In August 2022, the European Commission approved melphalan flufenamide plus dexamethasone for the treatment of adult patients with multiple myeloma who have received at least 3 prior therapies, whose disease is refractory to at least one PI, one IMiD, and one anti-CD38 monoclonal antibody, and who have demonstrated disease progression on or after the last therapy.5 Oncopeptides noted that among patients enrolled in LIGHTHOUSE who fit those criteria (n = 29), melphalan flufenamide demonstrated superior PFS (HR, 0.062; P = .0005), ORR (P = .0051), and OS (HR, 0.00; P = .037).
LIGHTHOUSE was a randomized, open-label trial, designed as a confirmatory study in addition to OCEAN. It planned to enroll 240 patients with relapsed/refractory multiple myeloma with documented disease progression after the last line of therapy who were double refractory to an IMiD and a PI, regardless of the number of prior lines of therapy, or had received at least 3 prior lines of therapy including an IMiD and a PI. Patients were permitted to have prior treatment with daratumumab or another anti-CD38 antibody under certain circumstances.6
Key exclusion criteria included primary refractory disease, prior CD38-directed CAR T-cell therapy, prior CD38/CD3 bispecific antibodies, known or suspected amyloidosis, plasma cell leukemia or POEMS syndrome, known central nervous system or meningeal involvement of myeloma, or prior stem cell transplant within 6 months of initiation of therapy or prior allogeneic stem cell transplantation with active graft-vs-host disease.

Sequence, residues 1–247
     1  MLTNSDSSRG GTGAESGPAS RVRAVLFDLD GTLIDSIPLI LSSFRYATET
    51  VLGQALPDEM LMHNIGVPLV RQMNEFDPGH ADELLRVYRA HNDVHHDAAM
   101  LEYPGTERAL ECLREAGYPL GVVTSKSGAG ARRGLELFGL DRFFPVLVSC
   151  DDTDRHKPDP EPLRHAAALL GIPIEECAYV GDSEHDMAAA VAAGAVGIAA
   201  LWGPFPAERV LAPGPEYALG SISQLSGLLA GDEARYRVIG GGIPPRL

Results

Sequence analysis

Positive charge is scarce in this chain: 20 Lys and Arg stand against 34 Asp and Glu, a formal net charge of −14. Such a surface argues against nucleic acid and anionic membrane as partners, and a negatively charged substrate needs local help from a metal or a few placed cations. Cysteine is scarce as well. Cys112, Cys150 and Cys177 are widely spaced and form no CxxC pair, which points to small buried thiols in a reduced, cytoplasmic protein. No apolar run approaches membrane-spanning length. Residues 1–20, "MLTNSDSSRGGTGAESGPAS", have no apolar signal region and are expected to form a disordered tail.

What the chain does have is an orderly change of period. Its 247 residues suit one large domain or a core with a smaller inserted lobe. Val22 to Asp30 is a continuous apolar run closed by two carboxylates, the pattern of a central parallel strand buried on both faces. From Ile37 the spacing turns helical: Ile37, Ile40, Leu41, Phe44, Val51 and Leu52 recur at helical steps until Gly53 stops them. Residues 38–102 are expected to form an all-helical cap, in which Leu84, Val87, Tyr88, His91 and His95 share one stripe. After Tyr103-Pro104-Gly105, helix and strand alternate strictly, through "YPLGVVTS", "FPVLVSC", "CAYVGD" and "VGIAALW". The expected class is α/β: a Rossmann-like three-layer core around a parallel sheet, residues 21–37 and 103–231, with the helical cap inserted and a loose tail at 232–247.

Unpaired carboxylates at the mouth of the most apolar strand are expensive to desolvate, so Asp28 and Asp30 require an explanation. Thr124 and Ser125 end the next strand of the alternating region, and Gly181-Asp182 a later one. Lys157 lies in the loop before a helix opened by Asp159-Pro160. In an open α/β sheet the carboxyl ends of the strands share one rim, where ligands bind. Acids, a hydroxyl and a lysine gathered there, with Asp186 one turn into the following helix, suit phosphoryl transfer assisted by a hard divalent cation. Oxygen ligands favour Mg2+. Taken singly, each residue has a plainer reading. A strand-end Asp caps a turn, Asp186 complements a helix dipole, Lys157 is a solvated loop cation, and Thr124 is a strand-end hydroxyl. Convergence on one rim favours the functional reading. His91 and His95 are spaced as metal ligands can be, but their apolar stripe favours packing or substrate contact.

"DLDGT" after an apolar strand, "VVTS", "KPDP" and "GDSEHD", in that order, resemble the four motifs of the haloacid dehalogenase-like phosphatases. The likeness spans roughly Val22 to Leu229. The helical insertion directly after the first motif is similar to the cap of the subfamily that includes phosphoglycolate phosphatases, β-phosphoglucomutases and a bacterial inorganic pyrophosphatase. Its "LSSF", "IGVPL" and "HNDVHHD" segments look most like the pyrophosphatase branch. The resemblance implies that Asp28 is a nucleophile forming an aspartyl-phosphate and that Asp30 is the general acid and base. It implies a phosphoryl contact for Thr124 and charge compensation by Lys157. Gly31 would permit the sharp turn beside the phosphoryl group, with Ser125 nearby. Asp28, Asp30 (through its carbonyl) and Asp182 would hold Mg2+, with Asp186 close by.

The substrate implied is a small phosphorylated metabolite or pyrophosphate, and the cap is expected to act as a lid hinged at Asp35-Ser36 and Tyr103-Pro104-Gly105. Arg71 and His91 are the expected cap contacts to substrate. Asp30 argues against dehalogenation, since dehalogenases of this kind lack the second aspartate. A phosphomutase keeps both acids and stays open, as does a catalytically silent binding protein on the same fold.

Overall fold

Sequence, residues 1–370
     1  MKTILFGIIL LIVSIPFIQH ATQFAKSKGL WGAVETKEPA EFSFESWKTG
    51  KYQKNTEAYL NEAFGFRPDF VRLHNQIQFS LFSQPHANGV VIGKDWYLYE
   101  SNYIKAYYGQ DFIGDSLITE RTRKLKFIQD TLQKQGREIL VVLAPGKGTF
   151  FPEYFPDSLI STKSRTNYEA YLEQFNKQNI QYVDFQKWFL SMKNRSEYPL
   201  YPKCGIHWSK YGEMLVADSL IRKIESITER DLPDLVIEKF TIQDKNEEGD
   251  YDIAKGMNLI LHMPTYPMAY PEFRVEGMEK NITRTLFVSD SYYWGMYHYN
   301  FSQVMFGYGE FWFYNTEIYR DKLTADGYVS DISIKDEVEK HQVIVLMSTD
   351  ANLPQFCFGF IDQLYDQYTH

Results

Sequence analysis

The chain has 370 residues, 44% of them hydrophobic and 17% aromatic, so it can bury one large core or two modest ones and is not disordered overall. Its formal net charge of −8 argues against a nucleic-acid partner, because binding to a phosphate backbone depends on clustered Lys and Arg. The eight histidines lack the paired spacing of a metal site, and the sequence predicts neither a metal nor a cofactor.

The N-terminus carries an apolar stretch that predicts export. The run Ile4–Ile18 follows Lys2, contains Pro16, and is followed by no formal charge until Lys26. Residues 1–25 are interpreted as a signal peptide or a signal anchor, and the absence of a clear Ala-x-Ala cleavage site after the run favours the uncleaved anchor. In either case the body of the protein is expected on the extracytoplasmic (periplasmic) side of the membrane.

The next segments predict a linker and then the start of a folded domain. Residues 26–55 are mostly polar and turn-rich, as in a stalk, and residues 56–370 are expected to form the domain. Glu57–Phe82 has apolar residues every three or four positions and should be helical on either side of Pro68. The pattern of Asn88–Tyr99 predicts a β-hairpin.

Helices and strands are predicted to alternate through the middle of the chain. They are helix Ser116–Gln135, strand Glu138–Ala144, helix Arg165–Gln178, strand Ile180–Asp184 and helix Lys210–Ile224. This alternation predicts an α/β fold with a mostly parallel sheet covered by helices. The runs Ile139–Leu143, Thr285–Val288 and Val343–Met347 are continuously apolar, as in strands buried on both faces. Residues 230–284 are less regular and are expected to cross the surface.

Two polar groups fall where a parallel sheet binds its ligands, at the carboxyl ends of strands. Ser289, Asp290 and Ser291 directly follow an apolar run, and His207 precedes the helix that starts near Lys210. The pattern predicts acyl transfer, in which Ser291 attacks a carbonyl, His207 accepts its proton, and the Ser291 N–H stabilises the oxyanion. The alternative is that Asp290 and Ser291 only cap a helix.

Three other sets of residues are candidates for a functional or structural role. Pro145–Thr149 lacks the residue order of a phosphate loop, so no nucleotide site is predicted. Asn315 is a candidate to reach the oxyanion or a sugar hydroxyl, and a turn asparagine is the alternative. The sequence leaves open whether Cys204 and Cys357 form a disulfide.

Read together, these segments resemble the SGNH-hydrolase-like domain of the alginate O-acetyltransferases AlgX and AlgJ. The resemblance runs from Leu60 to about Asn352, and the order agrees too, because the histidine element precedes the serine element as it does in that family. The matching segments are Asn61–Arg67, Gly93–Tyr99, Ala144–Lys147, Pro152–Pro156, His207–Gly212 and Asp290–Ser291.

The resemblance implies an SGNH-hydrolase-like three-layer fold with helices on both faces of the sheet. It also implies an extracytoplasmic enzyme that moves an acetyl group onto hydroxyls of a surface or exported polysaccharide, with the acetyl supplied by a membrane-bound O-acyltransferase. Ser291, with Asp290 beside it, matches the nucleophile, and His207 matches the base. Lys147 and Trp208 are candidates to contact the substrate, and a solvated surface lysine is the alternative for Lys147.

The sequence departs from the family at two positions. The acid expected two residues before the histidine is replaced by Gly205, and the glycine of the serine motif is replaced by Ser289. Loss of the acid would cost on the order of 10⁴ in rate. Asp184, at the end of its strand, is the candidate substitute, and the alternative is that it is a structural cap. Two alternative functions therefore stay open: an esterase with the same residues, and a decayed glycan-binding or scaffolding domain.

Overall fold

Patients who were randomly assigned to the experimental arm received 30 mg of intravenous melphalan flufenamide on day 1 of each cycle, 40 mg of oral dexamethasone weekly, and 1800 mg of subcutaneous daratumumab on days 1, 8, 15, and 22 of cycles 1 and 2, on days 1 and 15 in cycles 3 to 6, and day 1 of cycle 7 and beyond. Notably, dexamethasone was given at 20 mg weekly for patients 75 years of age and older. Those in the control arm received the same dosing regimen of daratumumab alone.
PFS served as the primary end point. Secondary end points included ORR, duration of response, OS, clinical benefit rate, time to response, time to progression, time to next treatment, and safety.
Patient characteristics were balanced between the two study arms. Regarding safety, the profile of melphalan flufenamide plus daratumumab was in line with what was observed in the phase 1/2 ANCHOR study (NCT03481556), with predominantly clinically manageable cytopenias.
“LIGHTHOUSE is the second phase 3 study to confirm the clinical benefit of melphalan flufenamide in [patients with] multiple myeloma with a treatment history with no stem cell transplant or a successful prior stem cell transplant in line with the recent full European approval,” Jakob Lindberg, chief executive officer of Oncopeptides, said. “In addition, the LIGHTHOUSE data support the European Medicines Agency conclusion that there is no indication of absolute OS harm from treatment with melphalan flufenamide.”